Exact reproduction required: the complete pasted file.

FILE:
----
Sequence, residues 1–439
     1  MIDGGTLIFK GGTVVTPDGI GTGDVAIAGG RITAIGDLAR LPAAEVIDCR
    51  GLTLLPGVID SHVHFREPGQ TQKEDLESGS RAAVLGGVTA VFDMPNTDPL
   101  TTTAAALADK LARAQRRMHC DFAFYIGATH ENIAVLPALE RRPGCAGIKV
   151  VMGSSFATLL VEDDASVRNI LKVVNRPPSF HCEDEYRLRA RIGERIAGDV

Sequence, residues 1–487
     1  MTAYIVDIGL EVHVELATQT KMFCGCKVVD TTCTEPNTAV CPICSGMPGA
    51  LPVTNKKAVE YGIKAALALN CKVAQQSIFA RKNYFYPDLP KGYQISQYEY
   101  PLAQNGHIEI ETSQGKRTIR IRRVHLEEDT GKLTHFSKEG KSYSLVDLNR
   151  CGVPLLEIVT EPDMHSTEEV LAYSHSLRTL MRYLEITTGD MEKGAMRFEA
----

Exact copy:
Sequence, residues 1–439
     1  MIDGGTLIFK GGTVVTPDGI GTGDVAIAGG RITAIGDLAR LPAAEVIDCR
    51  GLTLLPGVID SHVHFREPGQ TQKEDLESGS RAAVLGGVTA VFDMPNTDPL
   101  TTTAAALADK LARAQRRMHC DFAFYIGATH ENIAVLPALE RRPGCAGIKV
   151  VMGSSFATLL VEDDASVRNI LKVVNRPPSF HCEDEYRLRA RIGERIAGDV

Sequence, residues 1–487
     1  MTAYIVDIGL EVHVELATQT KMFCGCKVVD TTCTEPNTAV CPICSGMPGA
    51  LPVTNKKAVE YGIKAALALN CKVAQQSIFA RKNYFYPDLP KGYQISQYEY
   101  PLAQNGHIEI ETSQGKRTIR IRRVHLEEDT GKLTHFSKEG KSYSLVDLNR
   151  CGVPLLEIVT EPDMHSTEEV LAYSHSLRTL MRYLEITTGD MEKGAMRFEA